No one would deny that Americans are a pragmatic bunch, but at what point can a strictly utilitarian approach to education begin to adversely affect an entire people? I would argue that we have become not only a culturally isolated nation, but a culturally illiterate one as well. Which brings me to my final point. The people of the United States have so politicized ideas and the discussion of ideas that professors are reluctant to speak about anything of substance with their students for fear of offending them. Recently, a member of the Ohio state senate, Ralph Regula of Navarre, accused liberal professors of intimidating their conservative students (specifically and significantly their conservative Christian students) with leftist rhetoric. Regula sagely introduced new legislation that would require professors with a liberal bias to give equal time in their classrooms to opposing viewpoints, theoretically opening the door to holocaust deniers, hate groups and religious fundamentalists who take issue with fantasies and delusions like “science.” The administration at Cleveland State University thought the senator had a point and drew up new guidelines for instructors, thus bogging down the concept of intellectual freedom with even more political correctness and inscrutable bureaucratic legalese. Regula’s point: a college classroom is certainly not the proper forum to discuss substantive ideas of any kind.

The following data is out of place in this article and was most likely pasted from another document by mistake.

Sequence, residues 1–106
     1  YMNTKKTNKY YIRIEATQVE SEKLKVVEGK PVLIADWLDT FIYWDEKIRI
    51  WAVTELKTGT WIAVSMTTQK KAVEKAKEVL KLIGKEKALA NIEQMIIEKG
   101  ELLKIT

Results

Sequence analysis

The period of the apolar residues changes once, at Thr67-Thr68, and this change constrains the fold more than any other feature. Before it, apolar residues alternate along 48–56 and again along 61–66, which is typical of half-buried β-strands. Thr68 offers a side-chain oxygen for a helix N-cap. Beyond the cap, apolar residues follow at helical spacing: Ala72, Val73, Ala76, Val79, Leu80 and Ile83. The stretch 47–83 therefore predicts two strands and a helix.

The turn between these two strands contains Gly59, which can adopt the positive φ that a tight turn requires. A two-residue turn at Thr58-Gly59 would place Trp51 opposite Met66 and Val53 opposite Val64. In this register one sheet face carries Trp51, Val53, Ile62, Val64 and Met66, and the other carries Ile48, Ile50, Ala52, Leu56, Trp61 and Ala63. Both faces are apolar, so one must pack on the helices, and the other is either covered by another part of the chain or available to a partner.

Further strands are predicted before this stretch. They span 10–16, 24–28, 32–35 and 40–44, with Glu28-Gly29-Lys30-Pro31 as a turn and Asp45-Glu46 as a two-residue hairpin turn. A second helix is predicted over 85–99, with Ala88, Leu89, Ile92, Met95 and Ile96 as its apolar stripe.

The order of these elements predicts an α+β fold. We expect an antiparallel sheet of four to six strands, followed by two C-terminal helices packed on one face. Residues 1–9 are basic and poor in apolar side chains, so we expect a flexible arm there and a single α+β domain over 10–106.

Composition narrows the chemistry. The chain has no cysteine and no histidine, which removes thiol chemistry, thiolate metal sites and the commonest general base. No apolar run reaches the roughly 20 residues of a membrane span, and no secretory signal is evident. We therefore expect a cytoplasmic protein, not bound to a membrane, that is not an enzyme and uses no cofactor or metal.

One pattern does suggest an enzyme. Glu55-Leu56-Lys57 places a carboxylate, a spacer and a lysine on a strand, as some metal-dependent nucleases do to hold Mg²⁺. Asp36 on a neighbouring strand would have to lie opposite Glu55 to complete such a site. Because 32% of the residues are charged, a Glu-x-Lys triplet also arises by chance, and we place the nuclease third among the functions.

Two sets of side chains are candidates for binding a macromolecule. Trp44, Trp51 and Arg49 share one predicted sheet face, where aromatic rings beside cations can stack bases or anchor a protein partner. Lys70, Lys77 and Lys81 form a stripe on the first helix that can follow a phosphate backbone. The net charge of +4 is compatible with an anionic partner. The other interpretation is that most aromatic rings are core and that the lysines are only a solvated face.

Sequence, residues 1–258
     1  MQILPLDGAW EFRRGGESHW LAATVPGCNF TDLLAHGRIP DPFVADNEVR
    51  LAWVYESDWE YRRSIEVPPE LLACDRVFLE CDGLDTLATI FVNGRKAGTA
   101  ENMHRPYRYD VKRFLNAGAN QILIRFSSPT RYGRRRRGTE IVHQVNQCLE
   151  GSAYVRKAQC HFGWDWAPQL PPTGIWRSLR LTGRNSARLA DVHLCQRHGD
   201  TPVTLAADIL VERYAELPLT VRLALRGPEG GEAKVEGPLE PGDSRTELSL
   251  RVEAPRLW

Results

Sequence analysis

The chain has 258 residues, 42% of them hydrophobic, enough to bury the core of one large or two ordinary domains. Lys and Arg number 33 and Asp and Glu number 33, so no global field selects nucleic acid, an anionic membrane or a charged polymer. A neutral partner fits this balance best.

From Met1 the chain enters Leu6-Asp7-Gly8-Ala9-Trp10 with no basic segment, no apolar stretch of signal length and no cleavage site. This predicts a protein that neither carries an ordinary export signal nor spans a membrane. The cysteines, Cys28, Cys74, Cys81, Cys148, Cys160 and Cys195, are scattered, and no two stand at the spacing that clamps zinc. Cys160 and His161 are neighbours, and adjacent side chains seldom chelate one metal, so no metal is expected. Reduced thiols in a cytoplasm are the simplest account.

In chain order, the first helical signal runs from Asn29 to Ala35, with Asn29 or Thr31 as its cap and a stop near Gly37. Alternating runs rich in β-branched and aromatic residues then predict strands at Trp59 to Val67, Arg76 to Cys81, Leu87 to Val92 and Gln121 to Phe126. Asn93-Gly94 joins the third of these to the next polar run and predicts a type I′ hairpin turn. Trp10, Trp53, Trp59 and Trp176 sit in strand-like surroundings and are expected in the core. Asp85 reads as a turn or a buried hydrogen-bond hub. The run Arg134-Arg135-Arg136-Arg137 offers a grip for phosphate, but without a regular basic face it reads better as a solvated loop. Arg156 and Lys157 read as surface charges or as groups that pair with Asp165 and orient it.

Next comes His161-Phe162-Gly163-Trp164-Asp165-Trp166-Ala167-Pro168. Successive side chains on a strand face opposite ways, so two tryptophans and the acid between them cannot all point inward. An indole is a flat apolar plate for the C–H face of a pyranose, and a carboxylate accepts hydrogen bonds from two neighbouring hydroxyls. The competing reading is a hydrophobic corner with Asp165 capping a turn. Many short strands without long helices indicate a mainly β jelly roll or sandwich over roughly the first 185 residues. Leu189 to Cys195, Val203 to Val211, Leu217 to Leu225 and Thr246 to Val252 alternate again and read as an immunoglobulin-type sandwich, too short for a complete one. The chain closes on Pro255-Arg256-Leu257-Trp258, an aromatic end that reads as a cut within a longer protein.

The overall problem of American anti-intellectualism, now so much a part of our national character, seems systemic in nature, and there can be no single solution to so complex a problem. Simply put, the most obvious solutions are the most unrealistic ones. College administrators will never grant tenure to adjuncts, and they will never scare away prospective students (who are, after all, potential customers) with a requirement to take more than the bare minimum of English credits. This is called competition. It also seems unlikely that the Christian Right (which has now co-opted one political party) will ever relent in its war against secular humanism and intellectual endeavors in general, mostly because no one in a leadership role has the courage to stand up to them and insist that human reason is far superior to human fervor. This is called cultural suicide.
Americans outwardly profess a deep devotion to individualism but secretly they crave some form of authoritarianism. Ironically, they do not seek out those individuals who actually possess authority in particular fields of study. Instead they opt for factious ideologues who engage in hysterical proselytizing and demagoguery of the most reprehensible sort. Of course now that the current administration finds itself in an ever more untenable situation, both politically and ideologically, all of this may begin to change, and we may yet see a paradigm shift. Until then I will watch from my seat as college graduates cross the stage to accept their diplomas and silently wonder how many of them can actually understand the phrase “in recognition of the satisfactory fulfillment of the requirements pertaining to this degree…”